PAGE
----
The French Connection



A recent light-hearted article entitled “The French Reconnection” (The Journal News “Lifestyles” – Gannett papers - 6/7/2003) was a welcome invitation to re-examine the fallout of French bashing that still pervades our country. One struggles to get beyond the “freedom fries” silliness and ludicrous boycotts of all things French to comprehend the petty nastiness of such attitudes.

France and its people are accused of being ungrateful to their old friend for not supporting the preemptive war launched by this administration. Although “gratitude” (which happens to be a two-way street) is not the real issue here it deserves a comment.

Critics of France have very selective memories and forget the fact that France is “America’s oldest ally.”  As President Jacques Chirac reminded us recently, France’s friendship for America is “bicentennial.”

Historians tell us that, even before France formally signed the treaty of “amity and concord” with the Continental Congress in 1778 that brought the full weight of her forces to the American cause, many young idealistic Frenchmen, committed to the principles of freedom and justice, slipped out of France and came to America to support our efforts. The most famous, of course, was Lafayette. But there were many others such as the Baron de Montesquieu whose grandfather’s “Spirit of the Laws” became one of the inspirations and sources of our revolution. (Five of my own ancestors were engaged in this historic war for independence.)

As the war progressed the Continental Army suffered from chronic ill health, malnourishment and  exposure to the elements.  At this moment of crisis France formally entered the fray with her armies and fleet led by such legends as the Comte de Rochembeau and Admiral De Grasse to rescue us, as Patrick Henry stated, from the “dreadful precipice from which we have escaped by means of the generous French.” No country acts purely out of altruism, of course, and there are always national interests at play. But when France came to our aid at this low point in the war George Washington, one historian wrote, “near tears of relief and joy” celebrated this new alliance with a great parade praising “the Almighty Ruler of the Universe for raising up a powerful friend ….to establish our liberty and independence.”

Ignoring this, Francophobes bemoan France’s seeming “lack of gratitude” for our role in rescuing her in the two world wars. America also acts out of its own national interests.  But we did indeed help save France.  Anyone who has lived in France and speaks the language knows that France remembers and is grateful. I have traversed the battle fields of both wars from Chateau Thierry and Bellow Wood where my grandfather earned the Croix de Guerre to Normandy and can assert with certitude that the French both honor their own war veterans (perhaps better than we do our own) and continue to honor those Americans who died in France.  I can take you to a remote corner of Brittany where but a few years ago a monument was dedicated to the American mothers whose sons gave their lives for freedom. (see photo) I was in Paris for the 50th anniversary of the liberation of Paris, an event that was filled with pro-American spirit.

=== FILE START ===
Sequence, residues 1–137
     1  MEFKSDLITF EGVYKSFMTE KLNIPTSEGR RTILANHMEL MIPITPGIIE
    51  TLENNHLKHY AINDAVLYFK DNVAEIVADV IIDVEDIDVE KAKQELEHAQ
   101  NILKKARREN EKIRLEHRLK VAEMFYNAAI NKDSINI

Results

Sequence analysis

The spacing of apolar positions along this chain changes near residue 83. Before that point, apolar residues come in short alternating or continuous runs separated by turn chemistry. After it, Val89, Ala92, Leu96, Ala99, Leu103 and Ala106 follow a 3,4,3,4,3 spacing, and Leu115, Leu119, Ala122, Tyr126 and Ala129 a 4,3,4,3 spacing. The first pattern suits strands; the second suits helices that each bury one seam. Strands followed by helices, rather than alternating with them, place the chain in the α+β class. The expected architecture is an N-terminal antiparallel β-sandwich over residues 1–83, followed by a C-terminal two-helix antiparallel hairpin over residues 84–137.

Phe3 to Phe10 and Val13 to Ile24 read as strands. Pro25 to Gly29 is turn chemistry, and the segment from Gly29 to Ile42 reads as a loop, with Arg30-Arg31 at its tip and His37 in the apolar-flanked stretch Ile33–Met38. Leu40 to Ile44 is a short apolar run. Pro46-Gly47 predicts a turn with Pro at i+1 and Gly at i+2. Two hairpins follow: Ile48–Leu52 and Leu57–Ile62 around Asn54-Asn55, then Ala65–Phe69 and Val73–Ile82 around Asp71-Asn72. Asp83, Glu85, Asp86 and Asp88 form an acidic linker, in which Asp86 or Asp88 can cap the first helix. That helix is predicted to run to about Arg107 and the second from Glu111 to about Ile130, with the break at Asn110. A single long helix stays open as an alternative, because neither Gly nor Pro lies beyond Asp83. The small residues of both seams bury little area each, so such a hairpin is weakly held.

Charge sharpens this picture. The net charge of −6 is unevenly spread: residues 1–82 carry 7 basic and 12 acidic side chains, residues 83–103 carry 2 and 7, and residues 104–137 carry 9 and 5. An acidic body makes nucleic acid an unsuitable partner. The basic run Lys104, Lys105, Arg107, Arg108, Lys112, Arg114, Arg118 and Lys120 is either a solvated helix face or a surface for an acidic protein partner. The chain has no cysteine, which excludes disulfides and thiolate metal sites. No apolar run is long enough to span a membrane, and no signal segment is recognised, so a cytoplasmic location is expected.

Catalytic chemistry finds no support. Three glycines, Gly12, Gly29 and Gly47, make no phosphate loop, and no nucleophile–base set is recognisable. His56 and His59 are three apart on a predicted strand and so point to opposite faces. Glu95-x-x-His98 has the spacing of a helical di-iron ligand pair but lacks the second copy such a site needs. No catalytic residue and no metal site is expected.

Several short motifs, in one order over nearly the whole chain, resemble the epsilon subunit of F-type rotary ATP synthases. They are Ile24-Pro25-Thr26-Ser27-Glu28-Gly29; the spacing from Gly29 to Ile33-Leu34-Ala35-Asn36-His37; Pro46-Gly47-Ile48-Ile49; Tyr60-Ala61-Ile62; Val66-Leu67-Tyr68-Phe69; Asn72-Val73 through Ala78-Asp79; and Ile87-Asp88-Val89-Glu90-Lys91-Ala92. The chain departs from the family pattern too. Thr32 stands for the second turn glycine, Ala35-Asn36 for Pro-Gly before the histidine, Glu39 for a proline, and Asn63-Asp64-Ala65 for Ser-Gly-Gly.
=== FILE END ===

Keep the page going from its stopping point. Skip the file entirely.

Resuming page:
But “gratitude” is not really the issue here.  Just because I am grateful to my friend should I automatically support him in something that I consider illegal or immoral?  What kind of friendship is that?  Shouldn’t I instead admonish him and point out the error of his ways?  It may come as a surprise to French bashers to realize that France is a democracy too and, in the case of the war on Iraq, the overwhelming majority of the French population considered it wrong. Nor were they alone in this as we know from the strong condemnations of other Europeans, the pope and most world religious leaders who opposed the war as unprovoked, unnecessary and a violation of the UN Charter to which the United States was an original signatory. The position of the French president in supporting the UN Security Council reflected exactly the will of the French people. We may disagree; but this was democracy at work. Contrast this to the leaders of Italy and Spain who ignored the sentiments of their population by endorsing the war.

Given its long history Mr. Rumsfeld’s “Old Europe” is tired of war and fearful of imperial power.  France, imperialistic for centuries, is now a republic. America, founded as a republic, has now become an empire.  Alas.  Empires tend not to survive.







Monument to American Mothers in Memory of their Valliant Sons
Aux Mères Américaines en Memoire de leurs Vaillants Fils

Guernic – Saint Pierrre Quiberon
Morbihan (Britany) France

    

Richard Earl Cross

Historical, reference:

Page Smith.  A New Age Now Begins, Vol. 1 and 2. McGraw-Hill



Organization of Friendship between the French and American Armies



 GI embraces French Child after the Liberation